Paul Laird, ITF Programmes Manager, reports on our new partnership with the Centre for Sustainable Rural Agriculture and Development (CSRAD) in Ghana. ITF is supporting their project for the Conservation of Montonnso Sacred Forest.
The project aims to ‘eliminate encroachment and destructive activities’ in the Forest. CSRAD intends to provide 10,000 native agroforestry tree seedlings to cocoa farmers and to plant another 15,000 native trees within or around the boundaries of the Forest. Perhaps more importantly they see the need to educate the communities around the Forest to fully understand its conservation value, and the rules and regulations that govern its use, so that they will protect it for the benefit of future generations.
Montonnso Sacred Forest is tiny – only 14 hectares – but remarkably well preserved; the traditions of the surrounding community associate the Forest with certain deities or spiritual powers which will punish any encroachment. But it is difficult to grasp the scale of the threat to such remnants of rich biodiversity until you visit the area.
Long before you reach the small village of Saamang in Wassa Amenfi East District, Western Ghana, you realise that it is not only the forests that are under threat, but the entire landscape and way of life. The threat comes from ‘illegal’ gold mining, with companies operating behind closed gates with discreet signs. There is visibly a desperate rush to rip off surface vegetation and unleash machines to churn up the yellow soil and leave the surface pitted, gullied and mired.
The mining takes place in broad daylight alongside every road, so the word ‘illegal’ has lost its normal meaning. The miners have ‘permits’ of some kind. The hunt for gold rips up farms and patches of forest. Farmers are ‘compensated’ in some way – some may be lured by quick financial gains, others may simply not have any choice. Obviously someone, somewhere benefits. But the damaged land will never again support the richly diverse farms and forests. Abandoned mining areas are left devoid of vegetation and partially flooded with water, likely to contain mercury.
Illegal mining has been going on for years. But in Wassa Amenfi East, it is the arrival of Chinese investment, machinery and personnel that has hugely increased the scale of operations since 2013. The town of Wassa Akropong has become the focal point of this gold rush. Mining equipment is on sale everywhere behind barbed-wire-topped walls, with signs in Mandarin. The Chinese-supervised mining operations are recklessly dangerous. Ghanaian workers sit perched on structures in the midst of the devastation, sluicing water over the ore, while digger machines swing the raw material over their heads and dump it in front of them.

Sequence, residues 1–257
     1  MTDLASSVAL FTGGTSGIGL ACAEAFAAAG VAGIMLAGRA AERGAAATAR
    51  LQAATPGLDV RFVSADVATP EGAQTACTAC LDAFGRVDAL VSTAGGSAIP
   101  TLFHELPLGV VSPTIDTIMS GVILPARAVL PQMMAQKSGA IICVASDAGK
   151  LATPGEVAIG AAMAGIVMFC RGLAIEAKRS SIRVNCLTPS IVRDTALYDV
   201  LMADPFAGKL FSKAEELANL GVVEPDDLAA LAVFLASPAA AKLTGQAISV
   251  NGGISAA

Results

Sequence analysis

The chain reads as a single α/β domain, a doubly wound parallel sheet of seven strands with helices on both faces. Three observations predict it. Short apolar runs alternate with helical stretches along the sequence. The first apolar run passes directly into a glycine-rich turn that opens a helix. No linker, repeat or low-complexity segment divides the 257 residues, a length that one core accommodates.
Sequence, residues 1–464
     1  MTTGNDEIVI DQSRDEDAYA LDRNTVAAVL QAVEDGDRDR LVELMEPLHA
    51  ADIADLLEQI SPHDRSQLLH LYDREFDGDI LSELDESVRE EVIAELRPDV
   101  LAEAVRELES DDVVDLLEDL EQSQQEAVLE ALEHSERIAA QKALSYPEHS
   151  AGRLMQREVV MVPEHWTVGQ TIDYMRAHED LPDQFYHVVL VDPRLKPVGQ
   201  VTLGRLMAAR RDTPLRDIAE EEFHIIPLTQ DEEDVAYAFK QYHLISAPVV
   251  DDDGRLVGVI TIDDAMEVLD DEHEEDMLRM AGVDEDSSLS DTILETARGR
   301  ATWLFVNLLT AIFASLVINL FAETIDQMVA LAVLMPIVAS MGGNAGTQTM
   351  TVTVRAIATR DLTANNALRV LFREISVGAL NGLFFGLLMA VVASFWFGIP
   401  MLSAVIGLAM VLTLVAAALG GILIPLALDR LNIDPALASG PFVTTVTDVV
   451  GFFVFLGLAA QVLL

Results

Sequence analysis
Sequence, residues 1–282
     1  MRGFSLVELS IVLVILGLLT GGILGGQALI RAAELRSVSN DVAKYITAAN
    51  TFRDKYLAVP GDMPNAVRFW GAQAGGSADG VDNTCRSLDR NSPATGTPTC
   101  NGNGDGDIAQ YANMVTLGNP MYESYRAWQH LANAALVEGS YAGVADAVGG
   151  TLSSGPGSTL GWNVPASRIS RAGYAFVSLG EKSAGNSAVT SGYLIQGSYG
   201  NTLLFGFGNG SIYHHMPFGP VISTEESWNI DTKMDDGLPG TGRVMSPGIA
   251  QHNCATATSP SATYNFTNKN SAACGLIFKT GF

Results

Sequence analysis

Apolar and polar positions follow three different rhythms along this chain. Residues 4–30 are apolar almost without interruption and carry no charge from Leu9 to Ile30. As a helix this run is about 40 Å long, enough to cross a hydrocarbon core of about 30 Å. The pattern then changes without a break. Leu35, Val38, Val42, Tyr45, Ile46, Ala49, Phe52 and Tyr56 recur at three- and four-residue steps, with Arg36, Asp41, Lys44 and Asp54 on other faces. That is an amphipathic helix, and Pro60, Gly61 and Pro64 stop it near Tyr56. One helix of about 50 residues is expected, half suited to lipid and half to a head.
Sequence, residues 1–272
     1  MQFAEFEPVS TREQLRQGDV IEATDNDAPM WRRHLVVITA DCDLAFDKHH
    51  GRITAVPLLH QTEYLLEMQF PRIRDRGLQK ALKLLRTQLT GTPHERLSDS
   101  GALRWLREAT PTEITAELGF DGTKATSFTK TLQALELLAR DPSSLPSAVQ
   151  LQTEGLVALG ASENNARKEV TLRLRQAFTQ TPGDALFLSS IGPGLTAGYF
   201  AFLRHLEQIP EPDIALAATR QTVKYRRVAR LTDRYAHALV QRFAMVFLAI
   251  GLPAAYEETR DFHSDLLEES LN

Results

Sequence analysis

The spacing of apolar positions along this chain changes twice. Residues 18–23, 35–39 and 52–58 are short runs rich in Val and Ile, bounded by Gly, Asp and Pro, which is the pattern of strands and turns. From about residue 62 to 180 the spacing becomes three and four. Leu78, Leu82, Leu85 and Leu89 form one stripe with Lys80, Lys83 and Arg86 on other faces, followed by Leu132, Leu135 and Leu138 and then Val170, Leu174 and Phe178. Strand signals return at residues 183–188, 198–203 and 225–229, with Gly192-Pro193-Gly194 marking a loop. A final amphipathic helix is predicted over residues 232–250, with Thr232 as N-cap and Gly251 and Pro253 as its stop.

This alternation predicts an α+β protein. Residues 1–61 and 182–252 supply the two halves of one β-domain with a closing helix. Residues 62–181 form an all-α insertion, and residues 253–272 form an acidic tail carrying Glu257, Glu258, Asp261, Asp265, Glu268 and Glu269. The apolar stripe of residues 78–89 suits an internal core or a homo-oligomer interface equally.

Of course the trashing of African landscapes to extract raw materials is nothing new, and China is only the latest of many countries involved, but there is a new urgency in this scramble for Africa. As Tim Marshall says in his recent book Prisoners of Geography: ‘The Chinese … are scouring the length and breadth of the whole of Africa for minerals and precious metals’.
A Sacred, Pristine Forest
I was joined by Ebenezer Cudjoe Adebah and Emmanuel Ackon of CSRAD, James Johnson Normenyo of the Ministry of Food and Agriculture, and Charles Oteng, Chief Ranger of the Forestry Commission. In Saamang village we were welcomed by local elders and farmers who accompanied us on the walk into the forest. Cocoa is the main crop in the area, but farmers also grow plantains, oil palms, cassava, maize, coco-yams, citrus and coconuts.
This is a warm humid place with lush vegetation, and there are plenty of patches of degraded secondary forest. But Montonnso Sacred Forest appears almost pristine. Tall buttressed trees tower overhead. Charles the Forest Ranger identified at least 10 different canopy species, and the understorey forest floor vegetation is rich and diverse, including species valued by local people for a wide range of properties (including Allanblackia – which has attracted worldwide interest as a source of vegetable oil).
Yet there are signs of current usage of the forest: people gather edible snails and hunt for rats, ‘grass-cutters’ and small antelopes. Monkeys and larger wildlife have long since been frightened off. And there are signs of timber cutting and encroachment at the forest edge, now clearly marked by concrete beacons established by CSRAD in a former project funded by the New England Biolabs Foundation. Yet these threats pale by comparison with the risk of destruction if the gold trail should lead towards the forest.
Community Engagement for Conservation
Leaving the forest it was heartening to meet farmers Kwabena Mensah and Kodjo Tawiah who proudly showed us the trees they have planted in their cocoa farms. They have long since realised that cocoa exposed to full sunlight actually yields less than a partially shaded crop. They now actively protect tree seedlings that grow amongst the cocoa and plant more of their preferred species – Terminalia superba – as handsome as its name, growing up to 60 metres in height.
Back in the village we sat in the cool shade of cocoa trees and drank coconut milk. It was encouraging to see the collaboration between farmers, traditional leaders, Government and NGO staff, and their shared understanding of the importance of conserving the Forest and enhancing the health and productivity of what is potentially a very sustainable farming system. But they will need all the help they can get if the gold miners set their sights on the forest.
About the Author
Paul Laird is ITF’s Programmes Manager. He has worked with ITF since August 2015.